A few months later, I figured out that my teacher hadn’t taken me to Lincoln Center at all, but a place called Uncle Charley’s for a drag queen cabaret, which included my teacher’s friend, who went by Billy-Jean Budd.

True, there really isn’t much of a difference between drag queen cabaret and opera. But the experience put me off western orchestral composition completely.

Until Thursday, when Jacquie and I got to watch the Auckland Philharmonia Orchestra perform.

We were strolling along Queen Street Thursday evening, looking for something to do.

As we passed the crowd heading into Town Hall for the APO’s final performance of the season, a well-dressed matron of the arts collapsed right there in front of us.

Jacquie, being a nurse, started to walk faster.

But I noticed that while everyone was giving this lady mouth-to-mouth, or whatever, nobody spotted the ticket that had slipped out of her hand.

“But what about me?” Jacquie said, as I headed in to find the lady’s seat.

As there was still 15 minutes before the concert, chances were we’d find another ticket.

Sure enough, right at that moment, another well-dressed matron of the arts collapsed.

Coincidentally, the two matrons must have known each other, because their seats were together.

As they EMTs wheeled them into the ambulance, we waved goodbye as a show of our gratitude.

And we still had enough time to get plastered before the show.

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The show really blew us away, especially the APO’s rendition of Stravinsky’s The Rite of Spring.

It was, and I’m not kidding, a thrill. When you hear something like that performed live, you realize what is missing from the recording you have heard is the physicality of the performance.

It’s a jagged, forceful, peripatetic work. It has been ripped off by every Hollywood composer ever tasked with building suspense into a score.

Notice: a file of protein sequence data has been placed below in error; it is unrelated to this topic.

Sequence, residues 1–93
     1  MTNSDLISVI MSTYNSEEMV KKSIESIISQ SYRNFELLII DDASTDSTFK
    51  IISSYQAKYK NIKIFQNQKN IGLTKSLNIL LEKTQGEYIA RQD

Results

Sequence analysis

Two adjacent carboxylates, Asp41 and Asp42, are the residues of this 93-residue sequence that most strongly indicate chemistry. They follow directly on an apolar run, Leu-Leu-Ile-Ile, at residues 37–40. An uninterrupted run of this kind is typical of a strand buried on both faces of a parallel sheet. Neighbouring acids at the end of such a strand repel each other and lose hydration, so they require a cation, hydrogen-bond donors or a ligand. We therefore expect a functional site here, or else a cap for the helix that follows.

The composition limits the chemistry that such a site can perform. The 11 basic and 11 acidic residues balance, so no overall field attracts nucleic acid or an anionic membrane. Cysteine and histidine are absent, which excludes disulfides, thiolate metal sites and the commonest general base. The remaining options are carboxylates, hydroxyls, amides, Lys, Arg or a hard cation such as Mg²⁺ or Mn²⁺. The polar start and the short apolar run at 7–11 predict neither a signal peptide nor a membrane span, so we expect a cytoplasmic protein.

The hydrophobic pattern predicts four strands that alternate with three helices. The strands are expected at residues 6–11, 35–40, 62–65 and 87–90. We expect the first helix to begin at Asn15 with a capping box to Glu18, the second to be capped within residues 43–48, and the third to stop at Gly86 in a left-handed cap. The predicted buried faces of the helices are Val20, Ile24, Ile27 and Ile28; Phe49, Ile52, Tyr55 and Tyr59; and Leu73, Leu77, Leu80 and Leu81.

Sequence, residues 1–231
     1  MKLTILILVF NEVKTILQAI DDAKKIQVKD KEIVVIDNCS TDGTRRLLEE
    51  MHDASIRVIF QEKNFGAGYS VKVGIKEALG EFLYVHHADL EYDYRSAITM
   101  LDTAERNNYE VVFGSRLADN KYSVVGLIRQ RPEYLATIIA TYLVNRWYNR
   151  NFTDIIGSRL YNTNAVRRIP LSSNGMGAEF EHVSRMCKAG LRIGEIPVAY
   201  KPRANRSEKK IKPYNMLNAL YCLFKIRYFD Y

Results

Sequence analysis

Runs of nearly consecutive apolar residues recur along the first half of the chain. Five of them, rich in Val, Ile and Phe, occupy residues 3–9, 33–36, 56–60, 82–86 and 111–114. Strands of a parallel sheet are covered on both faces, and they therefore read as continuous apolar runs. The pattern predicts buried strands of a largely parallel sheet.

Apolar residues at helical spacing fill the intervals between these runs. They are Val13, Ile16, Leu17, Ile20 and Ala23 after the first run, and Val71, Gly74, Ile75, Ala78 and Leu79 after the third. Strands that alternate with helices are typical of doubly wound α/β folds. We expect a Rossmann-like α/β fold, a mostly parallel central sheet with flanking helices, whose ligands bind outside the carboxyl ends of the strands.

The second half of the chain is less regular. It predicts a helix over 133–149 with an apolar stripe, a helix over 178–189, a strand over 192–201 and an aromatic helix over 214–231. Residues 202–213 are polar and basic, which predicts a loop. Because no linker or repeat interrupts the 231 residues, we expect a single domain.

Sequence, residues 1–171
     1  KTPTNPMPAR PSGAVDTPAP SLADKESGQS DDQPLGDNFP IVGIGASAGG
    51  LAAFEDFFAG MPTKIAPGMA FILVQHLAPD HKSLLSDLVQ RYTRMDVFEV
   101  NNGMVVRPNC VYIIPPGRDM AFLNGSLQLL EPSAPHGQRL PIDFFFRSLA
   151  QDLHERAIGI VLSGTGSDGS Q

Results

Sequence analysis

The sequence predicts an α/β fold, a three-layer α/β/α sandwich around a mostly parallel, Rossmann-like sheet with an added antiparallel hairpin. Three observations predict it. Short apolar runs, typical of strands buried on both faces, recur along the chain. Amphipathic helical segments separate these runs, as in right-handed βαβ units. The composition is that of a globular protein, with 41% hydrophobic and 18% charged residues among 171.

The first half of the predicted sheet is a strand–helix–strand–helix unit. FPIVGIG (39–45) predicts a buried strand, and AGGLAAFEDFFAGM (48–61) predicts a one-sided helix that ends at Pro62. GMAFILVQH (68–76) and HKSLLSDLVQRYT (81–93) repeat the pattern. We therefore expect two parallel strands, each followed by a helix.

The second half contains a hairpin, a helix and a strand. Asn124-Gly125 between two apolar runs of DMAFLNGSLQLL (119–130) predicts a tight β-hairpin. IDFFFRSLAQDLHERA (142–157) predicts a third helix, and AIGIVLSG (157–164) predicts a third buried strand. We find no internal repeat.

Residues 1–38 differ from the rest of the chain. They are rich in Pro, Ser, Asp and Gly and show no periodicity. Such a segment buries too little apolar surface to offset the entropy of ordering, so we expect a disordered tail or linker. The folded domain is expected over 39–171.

They also played Schoenberg’s Verklärte Nacht, which I happened to be listening to in the car earlier that day.

And Night in the Gardens of Spain, an orchestral piece featuring Steven Osborne on Piano, by a Spanish composer I didn’t know, De Falla.

De Falla provided an interesting juxtaposition to Stravinsky, whose Rite of Spring made its infamous debut in Paris in 1913. If Stravinsky’s jagged edges anticipated the war that everyone knew was coming, De Falla was already pining for the old days when he finished the sentimental Night in the Gardens… in 1915, a year after the slaughter had begun.

I never would have thought about this stuff if those two elderly matrons of the arts hadn’t suffered cardiac events.

They didn’t get to see the show, but at least they got to spend time together in the ambulance.

Right after Night in the Gardens, the audience gave Steven Osborne a long and well-deserved round of applause.

Then, somewhat unexpectedly, a well dressed matron of the arts entered the stage to present Osborne with a huge bouquet.

It was fun to watch him being rewarded for a good job. The woman gave Osborne a kiss on the cheek and he accepted the bouquet and she walked off stage.

At this point, I’m kind of ready to stop clapping and get on with my life.

But everybody else kept going, as a new woman came out to deliver another bouquet with a kiss on the cheek.

The second woman left and we clapped some more and then two woman came out wheeling a service cart with a large covered platter on top of it.

They rolled the cart right in front of Osborne and lifted the cover to reveal a roast boar, which made Osborne laugh as he started to eat it.

So they kissed Osborne on the mouth, and left, and we clapped some more until we heard this very loud car engine from the back of the house.

We all turned to look as this monster truck came roaring down the center aisle, driven by an albino man in a leopard skin costume with a trained tiger riding shotgun.

Osborne, elbow deep in boar, was delighted, and laughed heartily as the albino drove the monster truck over the piano back and forth a dozen times until the instrument was completely flat.

Then the albino leaped out of the truck, along with the tiger, and they both proceeded to lick Osborne’s face, to the delight of some of the younger people in the audience.

The albino gave the pianist a set of keys, then trotted with his tiger back up the center aisle and out into a waiting taxi we could all see through a monster truck shaped hole where the doors used to be.

And on and on.

So, yeah, despite that little awkwardness, Jacquie and I are thinking we might subscribe to APO’s 2014 season.

Which I think would make my art teacher proud.

If nothing else, I can at least incorporate my rekindled love of culture in some kind of writing project.

Maybe I’ll start a blog.

Haunted menorah revitalizes NZ Halloween

Halloween is only two weeks away, and New Zealand is nowhere close to ready.